His St. Thomas journalism students get a heavy dose of those storytelling techniques and principles in the classroom and in student media. From 2012-2016, Greg was lead adviser for the students’ web-based, multimedia news operation. During that time, students won numerous awards for reporting on multiple platforms.
Beyond teaching at St. Thomas, Greg also produces videos for the university. One of his videos – a mini-documentary – was part of an exhibit at Rome’s MAXXI Museum and later in France at Pierresvives Cultural Centre of Montpellier.
In the spirit of a modern journalist, Greg has stepped outside of TV, writing multiple stories for News Photographer magazine. Greg is married and has four boys, including his own set of Minnesota twins. He loves the outdoors, especially water and winter. He floats his boat in summer and likes to think he “walks” (really skates) on water during Minnesota’s wonderful – yes, he said, wonderful – winters. Of course, as a graduate of the University of Kansas, he gets into Jayhawk basketball …Just a bit.
Before joining the CBS O&O in Baltimore in 1993, Mike told stories in Cape Girardeau, MO, Louisville, and Indianapolis. Mike has worked for about a dozen general managers and news directors, all who have very different thoughts about what news should look and sound like.
He has successfully adapted what he’s learned here to keep his bosses happy while at the same time producing stories which keep him excited about his job. He is happy to discuss survival techniques.A Bakers Dozen of Sensible Schuh’s:
Be a good employee.
- Don’t whine.
- Pretend you are a freelancer — like you must impress the bosses every day or you won’t be able to afford food.
- Surprise the producers. Give them more than they asked for in less time.
- Work hard on the little story and the boss will give you the big ones.
- Keep your mind on the story, not on the station gossip. Spend at least 5-10 minutes exchanging ideas about the story on the way to the story. Good ideas snowball.
- Communicate expectations, communicate needs, communicate wants.
- What do I have? What do I need?
- On the ride home, go through the sequences about what will work where.
- Offer solutions, not just problems.
- Stand up straight.
- Eat your vegetables.
- Wear glasses if you need them.
Hey Brotherhood of the Broken Back…
It’s like this. You are here because, well, you get it. You have work days where you feel like the circus dog jumping through perpetual hoops of fire and flames. You shoot story after story afterstory and dozens of live hits and can you “spray” that ribbon cutting on your way back to the station? But in the back of your caffeine loaded noggin is a very real desire to get better. To get to the next level: but how?
“Welcome Back My Friends to the Show That Never Ends” (Emerson, Lake, and Palmer)
Here’s how! The week that will change your outlook, your abilities, and your career. So, I am perhaps one of the top three luckiest folks you are gonna meet in your life. I have a family I love, friends I love, and have honestly had TWO dream jobs in my lifetime. I spent 38 years shooting news: half local and half CBS News, give or take. I also in 2016 got the SECOND dream job: Professor of Practice at the Newhouse School, Syracuse. They wanted me and accepted my nearly 4 decades of experience as a good thing. And yes, I cannot wait to teach and help the next gen of journos. I am in heaven with the best students and colleagues ever.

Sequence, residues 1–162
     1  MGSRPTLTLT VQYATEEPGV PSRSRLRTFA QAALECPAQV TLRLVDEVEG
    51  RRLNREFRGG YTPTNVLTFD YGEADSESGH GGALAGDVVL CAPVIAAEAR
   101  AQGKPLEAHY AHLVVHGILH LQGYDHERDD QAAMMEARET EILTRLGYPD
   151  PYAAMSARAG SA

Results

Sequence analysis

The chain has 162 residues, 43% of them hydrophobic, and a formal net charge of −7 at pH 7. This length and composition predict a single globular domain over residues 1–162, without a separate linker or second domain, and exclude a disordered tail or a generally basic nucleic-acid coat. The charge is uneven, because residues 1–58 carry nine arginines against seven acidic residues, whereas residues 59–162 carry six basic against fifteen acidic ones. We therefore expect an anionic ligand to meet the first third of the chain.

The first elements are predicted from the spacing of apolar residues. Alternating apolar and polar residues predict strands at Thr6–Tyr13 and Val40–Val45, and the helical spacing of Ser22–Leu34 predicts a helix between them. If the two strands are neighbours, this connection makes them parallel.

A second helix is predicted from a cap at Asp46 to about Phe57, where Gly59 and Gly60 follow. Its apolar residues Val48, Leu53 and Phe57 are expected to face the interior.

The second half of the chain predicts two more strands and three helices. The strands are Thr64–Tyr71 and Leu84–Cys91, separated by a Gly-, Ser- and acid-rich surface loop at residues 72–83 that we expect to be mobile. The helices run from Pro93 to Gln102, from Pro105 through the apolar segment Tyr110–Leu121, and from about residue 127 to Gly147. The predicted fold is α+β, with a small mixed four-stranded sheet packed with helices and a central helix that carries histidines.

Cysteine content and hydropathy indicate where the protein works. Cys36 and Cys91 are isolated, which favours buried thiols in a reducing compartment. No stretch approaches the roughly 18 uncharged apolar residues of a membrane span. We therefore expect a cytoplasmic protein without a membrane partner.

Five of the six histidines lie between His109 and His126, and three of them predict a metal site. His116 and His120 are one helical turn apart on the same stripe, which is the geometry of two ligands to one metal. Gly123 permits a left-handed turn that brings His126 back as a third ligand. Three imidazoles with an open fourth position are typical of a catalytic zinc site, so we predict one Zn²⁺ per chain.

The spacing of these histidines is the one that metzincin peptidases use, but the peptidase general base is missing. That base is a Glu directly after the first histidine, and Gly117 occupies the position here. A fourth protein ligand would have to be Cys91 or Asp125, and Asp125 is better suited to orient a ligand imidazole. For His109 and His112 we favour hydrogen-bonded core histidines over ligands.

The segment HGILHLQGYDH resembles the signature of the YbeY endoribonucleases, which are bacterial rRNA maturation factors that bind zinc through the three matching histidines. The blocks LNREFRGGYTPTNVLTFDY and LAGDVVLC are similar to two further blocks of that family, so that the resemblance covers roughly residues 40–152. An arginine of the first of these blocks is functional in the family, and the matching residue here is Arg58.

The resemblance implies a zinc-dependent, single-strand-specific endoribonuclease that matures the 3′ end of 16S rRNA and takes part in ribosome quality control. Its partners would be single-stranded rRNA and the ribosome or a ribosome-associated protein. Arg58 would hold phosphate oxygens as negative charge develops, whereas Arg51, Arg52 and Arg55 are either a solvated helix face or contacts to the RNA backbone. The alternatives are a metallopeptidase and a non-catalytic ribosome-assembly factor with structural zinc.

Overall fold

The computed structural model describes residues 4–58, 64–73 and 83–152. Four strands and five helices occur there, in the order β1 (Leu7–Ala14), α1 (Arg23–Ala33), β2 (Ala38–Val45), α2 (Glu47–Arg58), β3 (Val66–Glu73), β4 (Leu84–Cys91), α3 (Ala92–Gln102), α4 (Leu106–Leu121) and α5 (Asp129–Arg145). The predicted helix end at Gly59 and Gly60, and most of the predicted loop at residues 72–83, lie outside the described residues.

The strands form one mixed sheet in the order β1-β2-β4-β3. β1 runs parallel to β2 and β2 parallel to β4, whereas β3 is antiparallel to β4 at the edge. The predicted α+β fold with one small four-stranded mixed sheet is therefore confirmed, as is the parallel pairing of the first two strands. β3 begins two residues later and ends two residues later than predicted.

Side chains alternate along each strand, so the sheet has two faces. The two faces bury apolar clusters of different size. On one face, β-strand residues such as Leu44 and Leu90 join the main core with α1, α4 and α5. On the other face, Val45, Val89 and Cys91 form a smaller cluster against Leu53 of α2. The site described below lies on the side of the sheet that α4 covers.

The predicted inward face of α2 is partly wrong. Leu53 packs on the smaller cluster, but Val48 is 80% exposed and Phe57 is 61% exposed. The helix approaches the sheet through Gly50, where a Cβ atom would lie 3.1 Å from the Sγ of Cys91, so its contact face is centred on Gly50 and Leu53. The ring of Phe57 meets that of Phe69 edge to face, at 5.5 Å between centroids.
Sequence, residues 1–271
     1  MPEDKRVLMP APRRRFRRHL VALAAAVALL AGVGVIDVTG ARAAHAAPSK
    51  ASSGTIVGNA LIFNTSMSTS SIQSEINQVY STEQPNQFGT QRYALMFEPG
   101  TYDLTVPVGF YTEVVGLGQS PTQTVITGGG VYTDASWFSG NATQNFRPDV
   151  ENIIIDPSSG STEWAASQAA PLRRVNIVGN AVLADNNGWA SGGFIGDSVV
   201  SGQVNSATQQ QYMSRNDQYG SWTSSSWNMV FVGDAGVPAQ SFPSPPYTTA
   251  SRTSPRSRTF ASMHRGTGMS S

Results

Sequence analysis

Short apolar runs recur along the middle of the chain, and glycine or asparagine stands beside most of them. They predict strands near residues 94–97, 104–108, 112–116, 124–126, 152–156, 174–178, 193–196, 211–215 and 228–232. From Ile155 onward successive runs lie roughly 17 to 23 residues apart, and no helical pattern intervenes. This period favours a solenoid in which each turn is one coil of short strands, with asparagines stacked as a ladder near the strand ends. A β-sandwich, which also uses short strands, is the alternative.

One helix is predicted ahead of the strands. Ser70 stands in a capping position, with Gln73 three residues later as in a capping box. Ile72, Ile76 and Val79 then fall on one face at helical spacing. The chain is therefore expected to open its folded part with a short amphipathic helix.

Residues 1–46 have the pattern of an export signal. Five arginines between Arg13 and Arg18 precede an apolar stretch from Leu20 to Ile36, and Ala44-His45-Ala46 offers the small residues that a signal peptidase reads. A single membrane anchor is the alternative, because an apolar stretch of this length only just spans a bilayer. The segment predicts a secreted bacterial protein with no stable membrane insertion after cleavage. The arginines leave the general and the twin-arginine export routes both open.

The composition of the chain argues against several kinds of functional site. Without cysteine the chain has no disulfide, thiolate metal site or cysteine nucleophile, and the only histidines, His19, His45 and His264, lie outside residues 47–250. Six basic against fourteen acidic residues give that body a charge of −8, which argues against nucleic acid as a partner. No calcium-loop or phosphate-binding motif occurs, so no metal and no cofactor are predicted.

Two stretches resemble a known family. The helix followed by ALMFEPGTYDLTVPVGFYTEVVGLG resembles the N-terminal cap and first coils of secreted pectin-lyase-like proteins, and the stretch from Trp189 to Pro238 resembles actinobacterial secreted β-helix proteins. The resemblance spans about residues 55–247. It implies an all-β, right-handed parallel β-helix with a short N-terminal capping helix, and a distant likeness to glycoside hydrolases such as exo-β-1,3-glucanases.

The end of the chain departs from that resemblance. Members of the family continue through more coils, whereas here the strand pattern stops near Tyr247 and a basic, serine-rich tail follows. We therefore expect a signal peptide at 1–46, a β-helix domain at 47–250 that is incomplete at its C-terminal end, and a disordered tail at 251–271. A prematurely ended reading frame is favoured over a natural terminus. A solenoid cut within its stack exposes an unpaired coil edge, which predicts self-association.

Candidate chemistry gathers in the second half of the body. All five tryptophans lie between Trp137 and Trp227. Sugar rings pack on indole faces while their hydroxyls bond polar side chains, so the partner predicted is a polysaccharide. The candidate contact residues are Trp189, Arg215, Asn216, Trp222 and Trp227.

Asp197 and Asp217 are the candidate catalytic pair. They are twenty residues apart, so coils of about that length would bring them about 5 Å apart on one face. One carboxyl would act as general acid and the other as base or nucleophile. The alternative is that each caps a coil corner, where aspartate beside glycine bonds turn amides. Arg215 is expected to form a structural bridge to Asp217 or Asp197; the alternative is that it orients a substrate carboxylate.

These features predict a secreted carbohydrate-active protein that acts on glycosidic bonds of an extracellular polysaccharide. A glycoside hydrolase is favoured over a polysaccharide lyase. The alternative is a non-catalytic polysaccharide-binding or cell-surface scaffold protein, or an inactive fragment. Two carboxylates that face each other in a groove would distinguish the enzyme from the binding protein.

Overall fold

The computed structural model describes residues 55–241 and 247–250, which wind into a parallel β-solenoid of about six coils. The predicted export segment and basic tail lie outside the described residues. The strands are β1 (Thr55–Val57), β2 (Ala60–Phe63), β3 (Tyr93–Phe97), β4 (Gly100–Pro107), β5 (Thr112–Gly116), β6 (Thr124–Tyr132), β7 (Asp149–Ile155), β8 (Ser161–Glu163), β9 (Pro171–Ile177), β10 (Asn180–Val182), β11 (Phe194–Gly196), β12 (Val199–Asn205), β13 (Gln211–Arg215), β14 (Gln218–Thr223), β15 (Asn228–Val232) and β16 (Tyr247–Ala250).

The Career: Quickly: Spent 12 years at CBS News/KCBS in Los Angeles.7 years of “Everybody Has A Story” with Steve Hartman (along with years of Assignment America, 60 Minutes 2, On The Road, and local news feature stories with Hartman). 2 years for NBC News in Miami covering Nicaraguan, San Salvadoran, and Honduran war zones. OJ Simpson #1, OJ by the Sea, and OJ goes to Vegas. Menendez Brothers, Michael Jackson Molestation trial, and 4 mass shootings (Columbine, Gabrielle Giffords, San Bernardino, and the Orlando/Pulse Nightclub). Covered US hostage releases in West German, Nagano for Olympics and massive California fires, earthquakes, and the LA riots. Awards? Anything you win doesn’t matter when you’ve got a terrific wife and sons like mine. Love them more every single day. Best time in my life.
Fun Facts: Have been to over 1300 rock performances in about 700 individual concerts (38times for the Rolling Stones alone), I don’t know the model number of my cameras I just want them to help me tell a story, and I think women are the best thing on the planet Earth. They should always be respected, revered, and never underestimated. I think the First Amendment is worth going to jail for. My forehead makes a handy reflector and my belly is hopefully shrinking. I have taught every year with Al Tompkins at Poynter for almost 20 years and yes, many years here in Norman.
Fun Fact: The Diner in downtown Norman is so greasy you really do have to wear an outer garment. And the current threat to our freedoms from within? There has never been a more interesting time to be a journalism professor. Please meet my students out there, they’ll probably be wearing Orange!